But moving away from San Francisco at that time was a good idea - a change of background to a place where we knew no one - because on arrival in Texas Marian became ‘Maureen J. Smith' and I dyed my hair and became her widowed mother, Marian Hardy. None too soon; she was already showing - four months later she gave birth to Richard Brian. We kept it straight with the Foundation, of course, and registered Marian's new baby correctly: Marian Justin Hardy + Brian Smith, Senior.
What happened next is difficult for me to talk about, because there are three points of view and mine is only one of them. I am certain that the other two are each as fair-minded as I am, if not more so. ‘More so' I think I must concede, as Father had warned me, more than half a century earlier, that I was an amoral wretch who could reason only pragmatically, not morally.
I had not tried to keep my husband out of my daughter-inlaw's bed. Neither Briney nor I had ever tried to own each other; we both approved of sex for fun and we had established our rules for civilised adultery many years earlier. I was a bit surprised that Marian had apparently made no effort to keep from getting pregnant by Brian. .. but only in that she did not consult me ahead of time. (If she consulted Briney, he never mentioned it. But men do have this tendency to spray sperm around like a fire-hose while letting the females decide whether or not to make practical use of the juice. )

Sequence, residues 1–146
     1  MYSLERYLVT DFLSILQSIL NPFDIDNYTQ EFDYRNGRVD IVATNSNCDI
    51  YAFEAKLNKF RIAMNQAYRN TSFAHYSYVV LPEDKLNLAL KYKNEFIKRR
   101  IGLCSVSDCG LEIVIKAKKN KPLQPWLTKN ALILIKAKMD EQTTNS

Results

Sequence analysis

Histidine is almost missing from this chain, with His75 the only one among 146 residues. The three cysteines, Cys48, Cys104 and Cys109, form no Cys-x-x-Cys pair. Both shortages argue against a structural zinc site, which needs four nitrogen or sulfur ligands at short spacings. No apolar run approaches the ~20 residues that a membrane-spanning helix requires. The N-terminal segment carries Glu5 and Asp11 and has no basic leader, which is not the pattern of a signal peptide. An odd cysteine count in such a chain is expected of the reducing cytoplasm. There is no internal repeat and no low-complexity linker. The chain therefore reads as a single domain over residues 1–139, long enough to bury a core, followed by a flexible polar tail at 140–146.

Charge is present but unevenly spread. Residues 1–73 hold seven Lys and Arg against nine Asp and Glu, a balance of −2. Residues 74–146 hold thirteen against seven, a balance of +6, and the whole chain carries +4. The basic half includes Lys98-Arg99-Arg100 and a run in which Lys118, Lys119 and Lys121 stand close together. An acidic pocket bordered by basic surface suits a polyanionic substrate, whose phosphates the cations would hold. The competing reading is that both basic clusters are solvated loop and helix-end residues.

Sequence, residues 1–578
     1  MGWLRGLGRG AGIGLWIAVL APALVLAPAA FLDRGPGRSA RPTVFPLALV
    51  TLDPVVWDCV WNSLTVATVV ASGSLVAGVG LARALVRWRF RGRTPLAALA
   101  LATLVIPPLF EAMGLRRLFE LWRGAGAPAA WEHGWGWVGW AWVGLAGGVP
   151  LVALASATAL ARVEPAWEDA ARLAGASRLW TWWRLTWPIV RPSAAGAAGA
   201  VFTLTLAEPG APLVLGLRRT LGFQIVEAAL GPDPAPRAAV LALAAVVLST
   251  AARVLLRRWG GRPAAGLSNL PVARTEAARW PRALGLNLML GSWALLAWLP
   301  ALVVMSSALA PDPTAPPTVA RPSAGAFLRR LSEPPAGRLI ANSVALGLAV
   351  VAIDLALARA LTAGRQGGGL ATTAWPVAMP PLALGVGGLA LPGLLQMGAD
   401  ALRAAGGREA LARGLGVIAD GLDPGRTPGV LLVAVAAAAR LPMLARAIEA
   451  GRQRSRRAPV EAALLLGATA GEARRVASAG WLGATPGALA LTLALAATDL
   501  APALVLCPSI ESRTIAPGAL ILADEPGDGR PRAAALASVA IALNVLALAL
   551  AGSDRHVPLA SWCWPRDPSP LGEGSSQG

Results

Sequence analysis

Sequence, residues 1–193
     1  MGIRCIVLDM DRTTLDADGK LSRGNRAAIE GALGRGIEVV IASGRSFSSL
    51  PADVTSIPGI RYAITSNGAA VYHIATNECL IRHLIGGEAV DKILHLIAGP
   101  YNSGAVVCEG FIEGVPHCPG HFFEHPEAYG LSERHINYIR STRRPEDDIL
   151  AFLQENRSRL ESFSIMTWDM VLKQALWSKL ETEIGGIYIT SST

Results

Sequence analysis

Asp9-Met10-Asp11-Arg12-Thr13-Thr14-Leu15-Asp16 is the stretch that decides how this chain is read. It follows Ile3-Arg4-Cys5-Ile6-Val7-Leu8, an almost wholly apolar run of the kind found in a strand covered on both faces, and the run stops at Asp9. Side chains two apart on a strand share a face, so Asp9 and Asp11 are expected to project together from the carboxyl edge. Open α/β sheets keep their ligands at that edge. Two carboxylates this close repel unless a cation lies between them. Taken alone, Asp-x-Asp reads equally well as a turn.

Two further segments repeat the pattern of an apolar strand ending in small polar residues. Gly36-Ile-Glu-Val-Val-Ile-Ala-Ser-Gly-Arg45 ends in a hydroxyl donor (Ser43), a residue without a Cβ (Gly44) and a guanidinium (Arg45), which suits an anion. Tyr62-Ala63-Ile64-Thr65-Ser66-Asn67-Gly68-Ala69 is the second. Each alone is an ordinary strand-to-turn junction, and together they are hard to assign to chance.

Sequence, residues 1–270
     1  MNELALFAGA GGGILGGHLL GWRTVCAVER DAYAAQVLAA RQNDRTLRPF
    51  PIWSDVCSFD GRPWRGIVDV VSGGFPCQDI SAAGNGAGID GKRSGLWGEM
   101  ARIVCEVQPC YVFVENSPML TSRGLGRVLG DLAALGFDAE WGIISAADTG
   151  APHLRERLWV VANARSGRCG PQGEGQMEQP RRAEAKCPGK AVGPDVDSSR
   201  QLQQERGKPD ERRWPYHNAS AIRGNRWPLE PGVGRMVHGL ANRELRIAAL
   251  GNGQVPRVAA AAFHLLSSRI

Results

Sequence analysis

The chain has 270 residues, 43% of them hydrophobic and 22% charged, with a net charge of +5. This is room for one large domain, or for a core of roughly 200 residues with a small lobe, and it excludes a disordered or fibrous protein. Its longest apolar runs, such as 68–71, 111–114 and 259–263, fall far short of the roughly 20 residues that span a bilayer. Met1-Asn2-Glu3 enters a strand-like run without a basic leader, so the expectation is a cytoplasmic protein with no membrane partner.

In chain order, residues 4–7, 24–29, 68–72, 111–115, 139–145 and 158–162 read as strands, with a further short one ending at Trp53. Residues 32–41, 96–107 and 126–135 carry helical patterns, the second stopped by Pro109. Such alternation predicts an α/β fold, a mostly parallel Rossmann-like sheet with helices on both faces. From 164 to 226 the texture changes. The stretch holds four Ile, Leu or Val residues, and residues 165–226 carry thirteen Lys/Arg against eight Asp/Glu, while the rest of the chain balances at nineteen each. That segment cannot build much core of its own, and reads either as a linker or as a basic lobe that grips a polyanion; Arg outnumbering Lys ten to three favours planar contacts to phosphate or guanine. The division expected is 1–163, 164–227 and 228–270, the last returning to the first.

Nevertheless I was not angry, just mildly surprised. And I do recognise the normal biological reflex under which the first thing a freshly bereft widow does, if she can manage it, is to spread her legs and sob bitterly and use her womb to replace the dear departed. It is a survival mechanism, one not limited to wars but more prevalent in wartime, as statistical analysis demonstrates.
(I hear that there are men who watch the newspapers for funerals, then attend those of married men in order to meet new widows. This is shooting fish down a well and probably, merits castration. On the other hand, those widows might not thank us. )
So we moved to Dallas and everything was satisfactory for a while. Brian was simply a man with two wives, a situation not unknown among Howards - just pull the shades against the neighbours, like some Mormons.
A short time after the birth of Marian's new baby Brian came to me with something on his mind, something he had trouble articulating.
I finally said, ‘Look, dearest, I am not a http://www.buythaibooks.ru mind reader. Whatever it is, just spill it. '
‘Marian wants a divorce. '
‘Huh? Briney, I'm confused. If she's not happy with us, all she needs to do is to move out; it doesn't take a divorce. In fact I don't see how she could get one. But I'm terribly sorry to hear it. I thought we had gone to considerable trouble to make things happy for her. And for Richard Brian and her other children. Do you want me to talk to her? Try to find out what the trouble is? '
‘Uh - Damn it, I didn't make myself clear. She wants you to get a divorce so that she can marry me. '
My jaw dropped, then I laughed. ‘Goodness, Briney, what in the world makes her think I would ever do that? I don't want to divorce you; you're the nicest husband a gal ever had. I don't mind sharing you - but, darling, I don't want to get rid of you. I'll tell her so. Where is she? I'll take her to bed and tell her so as sweetly as possible. ' I reached up, took his shoulders and kissed him.